Perhaps this also explains the fact that the Talmud specifically mentions the prayers that are said on a "fast" day: the first stage of teshuvah must involve a dissociation from the very thing that led us away in the first place. Since most sins are rationalized by giving in to some physical need or desire for pleasure, it is fitting that our first act of teshuvah involve overcoming (by temporarily abstaining from) these very needs and desires.

It is important to point out here that this entire section of the morning prayer service in which the Qetoret is found (from the first blessings to the binding of Isaac, to the first declaration of the Unity, to the various offerings in the Temple) revolves around the ideas of retrieving, refining, extracting, and elevating the sparks of holiness and goodness, in ourselves and in the creation at large, from the unrefined state in which we originally received them.

This is especially clear in the case of the chelbenah, the spice which represents either those sparks of divine energy which we have used wrongly (sin) or the actual raw potential and vital energy which was given to us to refine and use for the service of G-d which we have not used at all. In either case, these sparks play a crucial role throughout the entire service. They must be found and clarified (and in the following sections, elevated) so that they can provide the powerful emotional fuel that will propel and elevate all of our prayers heavenwards. If not, our words remain mere words; our prayers are prevented from rising up to their destination. They are detoured by the very forces of constriction that prevent us from grasping the fundamental connection between what we say, what we do, and what we are. Without this connection, prayer cannot truly fulfill its purpose of bringing us close to our Source. In sum, whether we have done wrong or whether we have not yet done right, all is not lost. On the contrary, we have been given a job. We must refine ourselves and thereby transform the world into a place where G-d's Presence can be felt and known. This is within the grasp of even the most "evil smelling" person among us.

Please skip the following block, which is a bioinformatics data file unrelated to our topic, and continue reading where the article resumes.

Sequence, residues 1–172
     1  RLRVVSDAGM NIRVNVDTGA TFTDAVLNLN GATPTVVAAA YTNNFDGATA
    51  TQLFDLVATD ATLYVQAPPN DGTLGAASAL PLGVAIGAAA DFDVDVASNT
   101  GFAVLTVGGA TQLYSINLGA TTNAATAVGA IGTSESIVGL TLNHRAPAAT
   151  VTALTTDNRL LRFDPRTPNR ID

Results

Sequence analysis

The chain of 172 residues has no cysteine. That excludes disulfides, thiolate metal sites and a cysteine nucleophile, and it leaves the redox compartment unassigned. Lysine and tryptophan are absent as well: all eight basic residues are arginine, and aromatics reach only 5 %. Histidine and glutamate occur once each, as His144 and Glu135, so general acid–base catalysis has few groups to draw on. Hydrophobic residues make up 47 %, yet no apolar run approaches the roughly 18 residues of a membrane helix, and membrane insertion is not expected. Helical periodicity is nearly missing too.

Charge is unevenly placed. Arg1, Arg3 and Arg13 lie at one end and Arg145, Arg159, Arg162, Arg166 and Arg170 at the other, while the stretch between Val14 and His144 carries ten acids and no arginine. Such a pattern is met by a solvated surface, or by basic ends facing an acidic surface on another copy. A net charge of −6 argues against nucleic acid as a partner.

XVII. The Power to Transform Evil

Much of what we have said so far is made clear in the following incredibly profound and far-reaching exposition by Rabbi Tzadok HaCohen of Lublin (Pri Tzadik, Volume 4, Parshat Korach, p. 144 (72b)):

The Zohar (3:177b) says: "The Cohanim work quietly and in secret. This is why they are able to assist Israel in atoning for their sins [which are usually done in secret]. With what [do they effect atonement]? With the Qetoret , which is offered in silence..." This is consistent with the tradition recorded in the Talmud (Arachin 16a) that the Qetoret atones for lashon hara (slander and evil speech), as it is written, "The entire congregation of the children of Israel began to complain to Moses, saying, 'You have killed G-d's people!'... He [Aaron] offered the Qetoret to atone for the people" (Numbers 17:6, 17:12). The Talmud thus says: Let [the Qetoret ] that is offered in secret come and atone for [their lashon hara] that was spoken in secret.